Sir Tim Clark, President of Emirates Airline, has been vocal in pushing Airbus to revise the A380. As we pass through the A380’s first decade in service, the recent decision by Emirates to switch to Rolls-Royce from Engine Alliance got a lot of attention. The other news was Airbus provided a nice video on the anniversary of the A380 – but that did little to offset the general negative media coverage. Take a look here and here for example.
We were pleased to see Airbus President Fabrice Bregier describe the arrival of the A380 as perhaps “ten years too early” – a view we stated in our A380neo Business Case in January. As many critics of the A380 have their moment, it is, in the end, still the backbone upon which Emirates has built a tremendous business. Consider this. Absent the A380, Emirates would not be as big an airline… Continue reading
This issue is now getting a lot of attention. United just banned a passenger who is an IT cyber security expert, because the airline believes him to be a threat to their aircraft systems. We are not sure this was the best response from the airline.
The decision now will likely attract every IT person who flies to have at least a twinge of curiosity. IT people by training are smart and by nature inquisitive. Getting an IT person to accomplish just about anything can be done by saying these words “I bet you can’t….” – we know because we use it and it works every time. Smart IT people like these accept challenges because the determination to prove themselves to themselves is a constant driver.
Bear in mind in a knowledge economy, the IT worker is the sharp end of the sword. Which… Continue reading
Last week, Harry Nelson, former Vice President of Airbus flight test department, warned about pilots relying too much on automation, and that airlines need to better train their flight crews who may have become complacent and may not be capable of adequately manually flying the aircraft should automation fail.
The crash of Asiana Airlines flight 214 in San Francisco in 2013 was a clear example of a flight crew that lost competence through over-reliance on automation. Asiana’s standard procedures for a pilot are to switch on autopilot shortly after takeoff, and utilize the auto landing systems coupled to airport instrument landing systems at airports for landings. The day of the crash, the ILS was under repair at SFO, but since the weather was clear, visual landings could easily be undertaken. Every other flight that day had no problems, but the Asiana crew, less accustomed to manually landing… Continue reading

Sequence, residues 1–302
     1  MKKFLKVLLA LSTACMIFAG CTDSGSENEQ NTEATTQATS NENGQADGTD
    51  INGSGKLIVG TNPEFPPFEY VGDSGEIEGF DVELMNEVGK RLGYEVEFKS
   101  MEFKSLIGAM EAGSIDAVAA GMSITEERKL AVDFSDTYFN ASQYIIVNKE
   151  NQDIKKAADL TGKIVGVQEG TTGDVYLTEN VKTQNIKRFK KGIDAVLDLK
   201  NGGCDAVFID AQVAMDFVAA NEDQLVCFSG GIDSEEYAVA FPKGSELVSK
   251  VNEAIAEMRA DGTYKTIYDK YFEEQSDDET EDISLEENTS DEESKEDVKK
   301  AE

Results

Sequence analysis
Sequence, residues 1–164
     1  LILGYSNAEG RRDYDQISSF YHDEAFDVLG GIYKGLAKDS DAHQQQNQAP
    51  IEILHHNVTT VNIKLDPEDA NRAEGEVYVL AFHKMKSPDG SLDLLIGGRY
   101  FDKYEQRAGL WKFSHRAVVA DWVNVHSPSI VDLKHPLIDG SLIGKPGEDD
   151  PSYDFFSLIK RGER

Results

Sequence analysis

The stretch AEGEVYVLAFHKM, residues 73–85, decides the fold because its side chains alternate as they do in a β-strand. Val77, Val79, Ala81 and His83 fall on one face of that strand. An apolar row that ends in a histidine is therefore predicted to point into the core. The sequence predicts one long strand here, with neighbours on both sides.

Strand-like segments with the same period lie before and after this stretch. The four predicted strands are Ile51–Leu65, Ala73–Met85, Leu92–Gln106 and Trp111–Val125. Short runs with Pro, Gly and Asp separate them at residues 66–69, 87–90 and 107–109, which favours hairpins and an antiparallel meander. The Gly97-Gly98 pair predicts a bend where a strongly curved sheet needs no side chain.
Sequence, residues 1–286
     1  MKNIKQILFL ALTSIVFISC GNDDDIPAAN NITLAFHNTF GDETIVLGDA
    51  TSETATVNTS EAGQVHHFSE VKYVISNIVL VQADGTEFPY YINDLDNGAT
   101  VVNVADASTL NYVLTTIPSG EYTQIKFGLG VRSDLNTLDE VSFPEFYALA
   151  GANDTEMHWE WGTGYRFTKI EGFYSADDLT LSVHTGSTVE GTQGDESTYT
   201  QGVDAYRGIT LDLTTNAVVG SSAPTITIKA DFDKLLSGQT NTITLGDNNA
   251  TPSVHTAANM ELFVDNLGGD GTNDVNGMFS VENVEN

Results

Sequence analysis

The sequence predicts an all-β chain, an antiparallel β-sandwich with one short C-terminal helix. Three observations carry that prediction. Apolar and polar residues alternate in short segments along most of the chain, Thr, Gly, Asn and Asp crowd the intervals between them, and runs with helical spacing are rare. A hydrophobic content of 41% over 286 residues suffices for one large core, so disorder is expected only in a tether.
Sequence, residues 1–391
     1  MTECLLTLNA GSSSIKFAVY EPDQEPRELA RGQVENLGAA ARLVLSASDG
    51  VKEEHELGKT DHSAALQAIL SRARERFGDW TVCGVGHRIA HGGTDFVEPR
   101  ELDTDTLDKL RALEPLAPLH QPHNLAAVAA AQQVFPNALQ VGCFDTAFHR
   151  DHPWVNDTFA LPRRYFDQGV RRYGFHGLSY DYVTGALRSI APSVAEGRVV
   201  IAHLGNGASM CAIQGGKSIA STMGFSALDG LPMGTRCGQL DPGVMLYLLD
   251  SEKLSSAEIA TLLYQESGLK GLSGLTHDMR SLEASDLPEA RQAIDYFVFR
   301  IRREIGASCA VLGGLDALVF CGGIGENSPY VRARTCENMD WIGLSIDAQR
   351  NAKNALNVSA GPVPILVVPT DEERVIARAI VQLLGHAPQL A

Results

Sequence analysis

The US airline fleet has been remarkably stable since 2000 in terms of narrow and wide body aircraft. Wide body aircraft have typically accounted for under 15% of the jet fleet for many years. Continue reading
The 180-200 seats segment is getting the attention of Boeing and Airbus. It is growing fast as airlines up-gauge their narrow-body fleets and 757s retire. The chart below illustrates the growth in this segment, with the fleet of about 600 aircraft in 2000 doubling by 2014. And who is winning this segment’s competition? Airbus and its A321. Boeing used to own this segment with its 757.
However, one should not assume that this success is going unnoticed in Seattle. Even as Airbus offers an A321LR – seemingly surrounding this segment with options – Boeing is almost certainly going to respond.
The question is when,… Continue reading
The middle of the narrow-body market is changing, as it has been for many years. We define the narrow-body as single aisle aircraft over 100 seats, relegating those under 100 seats to the regional jet market. While the middle of the single aisle market ranges between 150 and 160 today, there is a trend towards larger aircraft, and the next generation of narrow-bodies will likely be optimized for between 180 to 200 seats.
Today, with many Boeing 757s approaching retirement, Airbus and Boeing are positioning their A321LR and 737-9MAX models as potential replacements, although neither has the capacity or range of the 757.
How has the middle of the market changed? It has grown steadily since wide-bodies replaced intercontinental narrow-bodies, and has continued to steadily climb over the last decade. The following chart shows the average number of seats for the US-based Airbus and Boeing single aisle fleet from 2000-2014.
Mitsubishi Heavy Industry announced a first flight delay for the MRJ, and that it has launched a new management structure to facilitate the transition of the MRJ program from the development phase to manufacturing phase of development. In addition to the management changes, the company has relocated its complete head office functions to the Nagoya Airport Terminal Building, adjacent to the manufacturing and test facilities, to improve efficiency and oversight.
The company reported that progress on the development of the aircraft is moving forward, with static strength testing and the manufacturing of a second aircraft proceeding smoothly. However, the timing of the first flight has been pushed back to September or October in order to incorporate the results of various ground tests and feedback from those tests into the flight test aircraft.
Once those changes are made, the company expects to enter a more intensive flight test program… Continue reading